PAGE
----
How Warminster war poet’s cricket thrived

Siegfried Sassoon

Robert Pulvertaft, step-grandson of poet Siegfried Sassoon, at home in Heytesbury Wood. The Lee Enfield rifle on the wall was presented by Sassoon to his son. Photo: Glenn Phillips (491

First published in Warminster
Last updated
by , Senior reporter for Trowbridge

A new programme on war poet Siegfried Sassoon tells how he sharpened his skills at his beloved game of cricket by throwing grenades in the trenches.

Countryfile at 7pm on BBC1 on Sunday will, as part of a series of programmes marking the centenary of the First World War, will look at the legacy of Sassoon, as well as his former home at Heytesbury House, near Warminster, and his passion for playing cricket with Heytesbury Cricket Club.

Presenter Helen Skelton interviewed Sassoon’s step-grandson Robert Pulvertaft – whose mother married Sassoon’s only son George in the early 1980s – at his home in Woodside, Heytesbury Wood. The 52-year-old, who inherited Woodside after George died in 2006, said the show looks at Sassoon’s time in Heytesbury up until his death in 1967, focusing specifically on his passion for cricket.

Mr Pulvertaft said: “The centenary year has seen a considerable rekindled interest in Siegfried and the BBC got hold of me as they were doing something on Wiltshire and wanted to do something on him.

“The programme is about Siegfried’s time in Heytesbury and his passion for cricket, something that he played into his 80s. It shows the contrast between his iconic status as a war poet and the activities of his later life.

“He was known for his almost suicidal bravery during the war and was nicknamed Mad Jack for the way he would scatter German soldiers by throwing Mills grenades at the trenches, which assisted his throwing ability when he played cricket.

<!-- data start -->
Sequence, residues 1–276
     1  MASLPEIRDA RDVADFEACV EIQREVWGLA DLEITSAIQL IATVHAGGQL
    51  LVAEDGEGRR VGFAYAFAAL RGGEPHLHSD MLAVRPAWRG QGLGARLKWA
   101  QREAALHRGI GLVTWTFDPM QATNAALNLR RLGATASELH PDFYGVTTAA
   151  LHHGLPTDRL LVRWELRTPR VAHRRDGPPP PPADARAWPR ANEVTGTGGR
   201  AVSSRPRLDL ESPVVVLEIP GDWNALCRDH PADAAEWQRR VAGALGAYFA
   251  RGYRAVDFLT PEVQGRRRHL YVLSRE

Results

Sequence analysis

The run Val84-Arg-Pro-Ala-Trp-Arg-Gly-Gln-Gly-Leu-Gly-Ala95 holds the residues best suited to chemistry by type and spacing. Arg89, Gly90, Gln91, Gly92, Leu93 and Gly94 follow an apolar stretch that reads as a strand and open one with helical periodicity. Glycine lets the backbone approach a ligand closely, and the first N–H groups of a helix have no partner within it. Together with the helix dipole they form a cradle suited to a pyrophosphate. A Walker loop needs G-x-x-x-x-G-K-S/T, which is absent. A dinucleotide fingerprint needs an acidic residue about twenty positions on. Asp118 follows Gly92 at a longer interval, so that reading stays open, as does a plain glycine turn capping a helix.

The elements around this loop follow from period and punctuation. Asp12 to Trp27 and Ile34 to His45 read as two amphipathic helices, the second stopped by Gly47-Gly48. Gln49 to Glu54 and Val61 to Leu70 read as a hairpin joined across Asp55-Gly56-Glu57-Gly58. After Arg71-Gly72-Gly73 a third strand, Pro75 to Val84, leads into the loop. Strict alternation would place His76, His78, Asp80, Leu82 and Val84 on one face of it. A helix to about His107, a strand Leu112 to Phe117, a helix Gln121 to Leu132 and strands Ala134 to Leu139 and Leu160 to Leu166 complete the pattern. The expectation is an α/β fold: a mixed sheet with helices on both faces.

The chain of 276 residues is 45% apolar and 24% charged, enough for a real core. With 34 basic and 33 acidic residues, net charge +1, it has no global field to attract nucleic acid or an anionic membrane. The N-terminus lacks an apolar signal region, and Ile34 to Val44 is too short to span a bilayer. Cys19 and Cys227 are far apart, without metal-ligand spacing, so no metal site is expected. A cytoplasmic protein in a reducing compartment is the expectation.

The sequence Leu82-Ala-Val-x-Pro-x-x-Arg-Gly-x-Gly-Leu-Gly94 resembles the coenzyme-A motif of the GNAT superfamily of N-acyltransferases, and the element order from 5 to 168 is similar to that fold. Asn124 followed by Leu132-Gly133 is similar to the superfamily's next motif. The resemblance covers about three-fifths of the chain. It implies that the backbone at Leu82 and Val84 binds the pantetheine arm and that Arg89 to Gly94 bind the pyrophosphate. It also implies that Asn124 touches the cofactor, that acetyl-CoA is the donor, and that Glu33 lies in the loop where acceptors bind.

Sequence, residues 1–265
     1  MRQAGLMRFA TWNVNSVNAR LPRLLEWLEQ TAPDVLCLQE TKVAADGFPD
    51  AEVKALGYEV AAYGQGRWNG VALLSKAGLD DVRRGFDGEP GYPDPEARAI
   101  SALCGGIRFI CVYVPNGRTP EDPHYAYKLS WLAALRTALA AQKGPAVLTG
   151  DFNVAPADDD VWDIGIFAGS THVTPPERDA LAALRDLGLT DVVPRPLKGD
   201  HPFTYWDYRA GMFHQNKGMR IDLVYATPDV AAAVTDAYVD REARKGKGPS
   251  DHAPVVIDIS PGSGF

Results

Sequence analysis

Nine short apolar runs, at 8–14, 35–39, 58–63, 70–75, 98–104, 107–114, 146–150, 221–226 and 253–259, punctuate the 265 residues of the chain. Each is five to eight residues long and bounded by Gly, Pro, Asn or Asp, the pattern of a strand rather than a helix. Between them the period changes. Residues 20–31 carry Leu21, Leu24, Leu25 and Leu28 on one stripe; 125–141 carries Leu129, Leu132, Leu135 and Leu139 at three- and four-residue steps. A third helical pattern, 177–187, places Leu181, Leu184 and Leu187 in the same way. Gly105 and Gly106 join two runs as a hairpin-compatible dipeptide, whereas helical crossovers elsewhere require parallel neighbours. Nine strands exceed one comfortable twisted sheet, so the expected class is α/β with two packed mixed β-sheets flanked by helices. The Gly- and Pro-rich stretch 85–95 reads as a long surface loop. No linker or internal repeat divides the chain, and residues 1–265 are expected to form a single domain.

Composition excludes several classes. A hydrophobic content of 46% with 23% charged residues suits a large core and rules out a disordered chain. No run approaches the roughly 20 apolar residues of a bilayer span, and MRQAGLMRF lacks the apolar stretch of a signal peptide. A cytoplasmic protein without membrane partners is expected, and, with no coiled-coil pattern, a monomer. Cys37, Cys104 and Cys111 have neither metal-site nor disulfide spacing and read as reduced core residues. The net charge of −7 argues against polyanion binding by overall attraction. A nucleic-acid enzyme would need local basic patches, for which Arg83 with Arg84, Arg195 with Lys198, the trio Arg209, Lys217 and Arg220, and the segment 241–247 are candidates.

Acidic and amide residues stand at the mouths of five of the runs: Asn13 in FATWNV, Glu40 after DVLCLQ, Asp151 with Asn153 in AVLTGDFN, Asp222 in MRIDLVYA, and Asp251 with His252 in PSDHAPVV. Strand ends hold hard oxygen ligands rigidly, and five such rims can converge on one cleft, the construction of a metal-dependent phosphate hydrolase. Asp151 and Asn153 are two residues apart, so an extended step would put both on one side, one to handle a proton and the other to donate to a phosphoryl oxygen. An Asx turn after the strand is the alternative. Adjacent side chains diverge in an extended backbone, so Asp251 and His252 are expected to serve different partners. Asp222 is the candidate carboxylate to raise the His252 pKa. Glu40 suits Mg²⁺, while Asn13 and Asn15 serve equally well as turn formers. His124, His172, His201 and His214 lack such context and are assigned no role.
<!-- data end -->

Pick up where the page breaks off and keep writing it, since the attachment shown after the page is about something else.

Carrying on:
“What the programme does is look at how Siegfried settled into a peaceful existence and I feel there is almost a duty to talk about his legacy, due to the reignited interest caused by the centenary.”

As well as speaking to Mr Pulvertaft, BBC Countryfile interviewed Sassoon’s close friend and international cricketer Dennis Silk, who was introduced to the poet in the early 1950s.

Mr Pulvertaft, who now hires out Heytesbury Wood for events, added: “It was an excellent experience and it was a good way of bringing everyone together.

“We are now planning a cricket match in the summer to mark the centenary.”

For more information about Heytesbury Wood, visit www.heytesburywood.co.uk

From war hero to pacifist -

*Siegfried Sassoon was an English poet, writer and soldier and became one of the leading poets of the First World War.
* He was born on September 8, 1886, in Kent and died one week before his 81st birthday in Heytesbury in September 1967. He is buried in Somerset.
* In May 1915, Sassoon was commissioned into the Royal Welsh Fusiliers and went to France, where his bravery resulted in him being awarded the Military Cross.
* He eventually grew disillusioned with the war and sent a letter of
defiance to his commanding officer that almost resulted in him being court martialled in 1917.
* Friend and fellow poet Robert Graves convinced the authorities
that Sassoon had shell-shock, and he
was sent to Craiglockhart War Hospital for treatment – where he met fellow war poet Wilfred Owen.
* Sassoon had a number of homosexual affairs, but in 1933 surprised many of his friends by marrying Hester Gatty and moving to Heytesbury House. They had a son, George,
but the marriage broke down after World War Two.

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